Most online tracking is from Google-owned properties

Most online tracking is from Google-owned properties
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Big internet companies are mainly behind online tracking, including fingerprinting-based tracking, a study has found

All of the top five tracking tools found on websites are from Google-owned properties.

And new, cookie-replacing methods of identifying computers, called fingerprinting, is being used by advertisers, a new study found. Fingerprinting can work by sending audio files to individual web browsers. The method identifies the PC, Princeton University explains in its research (PDF).

Princeton says its study, completed in January, is the biggest assessment of online tracking ever. The university trawled a million of the “top” websites.

Privacy concerns about tracking

Advertisers want to track users’ behavior online so that they can more accurately pitch products at them. However, privacy advocates say some methods can impact privacy. And indeed, web privacy measurement, of the kind performed by Princeton in its massive study, has “repeatedly forced companies to improve their privacy practices,” the report says. “Public pressure, press coverage and regulatory action” follow the exposure.

The problem is it’s hard to measure the privacy impacts. Princeton says its tool, called OpenWPM solves that. It functions, among other things, by supposedly improving the realism, scalability and repeatability needed for collecting the tracking data from the websites.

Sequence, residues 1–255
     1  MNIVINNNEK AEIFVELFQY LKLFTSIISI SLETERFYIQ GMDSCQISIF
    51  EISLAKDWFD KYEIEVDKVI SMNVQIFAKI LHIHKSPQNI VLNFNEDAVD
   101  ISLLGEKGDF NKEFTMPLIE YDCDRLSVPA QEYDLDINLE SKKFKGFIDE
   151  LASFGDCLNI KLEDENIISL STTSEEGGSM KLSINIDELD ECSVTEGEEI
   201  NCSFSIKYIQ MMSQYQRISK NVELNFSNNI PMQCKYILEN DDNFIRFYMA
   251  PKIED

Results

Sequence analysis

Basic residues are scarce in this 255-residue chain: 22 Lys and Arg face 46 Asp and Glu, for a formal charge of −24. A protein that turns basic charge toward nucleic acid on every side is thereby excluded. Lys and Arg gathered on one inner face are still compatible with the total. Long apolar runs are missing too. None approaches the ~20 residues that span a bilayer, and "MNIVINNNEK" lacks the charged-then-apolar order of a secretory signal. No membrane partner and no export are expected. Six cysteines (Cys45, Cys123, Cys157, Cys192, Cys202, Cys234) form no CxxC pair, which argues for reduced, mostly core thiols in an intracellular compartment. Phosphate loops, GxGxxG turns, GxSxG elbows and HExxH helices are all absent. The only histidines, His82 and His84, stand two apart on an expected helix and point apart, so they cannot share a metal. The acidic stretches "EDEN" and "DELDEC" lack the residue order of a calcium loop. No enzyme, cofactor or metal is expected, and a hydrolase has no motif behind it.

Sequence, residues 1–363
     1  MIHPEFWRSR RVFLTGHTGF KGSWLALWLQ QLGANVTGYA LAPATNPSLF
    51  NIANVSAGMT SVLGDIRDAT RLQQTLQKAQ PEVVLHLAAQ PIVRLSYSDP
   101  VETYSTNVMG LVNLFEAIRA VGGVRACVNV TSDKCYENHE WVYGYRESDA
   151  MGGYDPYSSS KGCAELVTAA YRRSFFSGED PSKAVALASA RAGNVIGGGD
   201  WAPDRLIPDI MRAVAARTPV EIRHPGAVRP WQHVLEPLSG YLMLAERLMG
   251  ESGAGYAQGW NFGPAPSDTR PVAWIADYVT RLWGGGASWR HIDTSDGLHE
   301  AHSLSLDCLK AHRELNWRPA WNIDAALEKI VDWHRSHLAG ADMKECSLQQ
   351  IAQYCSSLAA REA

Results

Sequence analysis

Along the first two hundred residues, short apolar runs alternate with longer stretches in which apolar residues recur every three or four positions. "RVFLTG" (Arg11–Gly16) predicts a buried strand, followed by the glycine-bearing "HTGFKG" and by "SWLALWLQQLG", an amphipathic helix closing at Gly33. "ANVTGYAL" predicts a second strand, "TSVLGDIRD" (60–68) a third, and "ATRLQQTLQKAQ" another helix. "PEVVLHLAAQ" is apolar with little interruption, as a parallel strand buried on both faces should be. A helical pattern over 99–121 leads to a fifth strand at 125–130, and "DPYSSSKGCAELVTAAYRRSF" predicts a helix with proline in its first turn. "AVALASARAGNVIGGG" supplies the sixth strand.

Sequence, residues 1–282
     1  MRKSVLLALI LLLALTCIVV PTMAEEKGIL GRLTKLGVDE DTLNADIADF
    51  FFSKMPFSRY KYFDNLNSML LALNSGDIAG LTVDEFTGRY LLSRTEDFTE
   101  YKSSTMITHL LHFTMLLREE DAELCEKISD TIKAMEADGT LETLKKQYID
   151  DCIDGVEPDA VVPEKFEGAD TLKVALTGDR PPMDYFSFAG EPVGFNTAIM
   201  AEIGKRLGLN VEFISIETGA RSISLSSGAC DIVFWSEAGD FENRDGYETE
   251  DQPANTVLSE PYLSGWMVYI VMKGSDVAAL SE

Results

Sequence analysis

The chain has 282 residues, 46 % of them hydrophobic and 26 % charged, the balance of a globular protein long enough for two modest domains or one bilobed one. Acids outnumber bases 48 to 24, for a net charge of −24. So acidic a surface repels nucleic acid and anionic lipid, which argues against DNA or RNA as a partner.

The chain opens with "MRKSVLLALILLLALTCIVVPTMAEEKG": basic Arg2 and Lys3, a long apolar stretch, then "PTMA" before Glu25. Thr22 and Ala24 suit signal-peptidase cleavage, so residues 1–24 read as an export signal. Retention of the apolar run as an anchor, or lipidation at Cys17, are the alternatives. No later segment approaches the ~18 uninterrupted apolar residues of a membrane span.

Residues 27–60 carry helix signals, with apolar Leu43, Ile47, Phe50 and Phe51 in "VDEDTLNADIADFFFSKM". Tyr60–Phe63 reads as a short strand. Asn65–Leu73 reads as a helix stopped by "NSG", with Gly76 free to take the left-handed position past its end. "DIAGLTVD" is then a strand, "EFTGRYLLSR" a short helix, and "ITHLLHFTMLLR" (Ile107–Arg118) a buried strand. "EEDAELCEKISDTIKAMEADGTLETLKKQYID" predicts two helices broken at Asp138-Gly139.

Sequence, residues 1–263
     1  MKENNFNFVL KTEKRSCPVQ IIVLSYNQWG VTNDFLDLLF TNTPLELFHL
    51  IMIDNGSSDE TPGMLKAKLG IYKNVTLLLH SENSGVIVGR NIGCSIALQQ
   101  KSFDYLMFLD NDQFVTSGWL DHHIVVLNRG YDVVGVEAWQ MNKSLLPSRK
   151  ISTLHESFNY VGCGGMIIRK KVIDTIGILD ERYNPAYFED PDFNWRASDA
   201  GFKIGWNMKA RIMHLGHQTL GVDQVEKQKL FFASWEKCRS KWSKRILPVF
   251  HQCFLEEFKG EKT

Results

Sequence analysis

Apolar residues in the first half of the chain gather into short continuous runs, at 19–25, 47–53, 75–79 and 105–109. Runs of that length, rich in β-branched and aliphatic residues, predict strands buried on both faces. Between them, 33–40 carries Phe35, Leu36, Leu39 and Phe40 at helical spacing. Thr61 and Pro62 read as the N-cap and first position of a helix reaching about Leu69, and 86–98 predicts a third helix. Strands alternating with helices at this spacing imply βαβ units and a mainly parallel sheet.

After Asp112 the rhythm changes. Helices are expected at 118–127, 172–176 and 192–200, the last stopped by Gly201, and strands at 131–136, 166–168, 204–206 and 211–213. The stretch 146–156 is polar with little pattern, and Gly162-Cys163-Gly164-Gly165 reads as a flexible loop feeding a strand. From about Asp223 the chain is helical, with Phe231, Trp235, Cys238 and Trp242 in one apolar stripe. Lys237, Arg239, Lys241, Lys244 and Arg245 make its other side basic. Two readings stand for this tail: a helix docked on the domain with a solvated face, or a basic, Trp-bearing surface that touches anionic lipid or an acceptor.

+ More on Network World: Browser fingerprints, and why they are so hard to erase +

The team made over 90 million requests to determine the number of third parties, which are advertisers or analytics companies. One way they’ve been able, historically, to track users is by embedding cookies in a web page. The advertisers' cookies load alongside the websites’ cookies.

One can, in fact, watch for third parties as web pages load—the domain won’t match the website’s URL in the browser status bar.

Princeton’s study found 81,000 third parties on at least two first parties—the website visited. However, “the number of third parties that a regular user will encounter on a daily basis is relatively small,” the report says. That’s because “the prevalence of third parties quickly drops off.” The study discovered that only 123 of the total 81,000 were found on more than 1 percent of sites. 

All of the top five tracking tools found on websites are from Google-owned properties. Twelve of the top 20 are, too. Google owns ad-firm DoubleClick, for example.

“In fact, Google, Facebook and Twitter are the only third-party entities present on more than 10 percent of sites,” the paper says.

So, Big Internet is performing the tracking, not "Mom and Pop." That’s probably a good result for privacy because those organization are more exposed to scrutiny than smaller operators. But it’s not so positive for business competition or power distribution.

How prevalent is fingerprinting?

Princeton also researched the prevalence of fingerprinting. Canvas fingerprinting wasn’t as common on the major trackers as it has been in previous years, but it was more popular on smaller ones. The university says the reduction by the big trackers is due to its exposure of the practice in 2014.

“The public backlash following that study was effective,” it says on its website.

Canvas fingerprinting uses HTML 5’s Canvas element rather than cookies. Canvas draws a hidden graphic that’s turned into a token, which is distributed to the advertiser. Fonts can be used.

But intriguingly a new kind of fingerprinting, called AudioContext Fingerprinting, is showing up. It uses an audio signal to reveal unique browsers and computers.

It was found in only three scripts on 67 sites, however. But then—the night is young.

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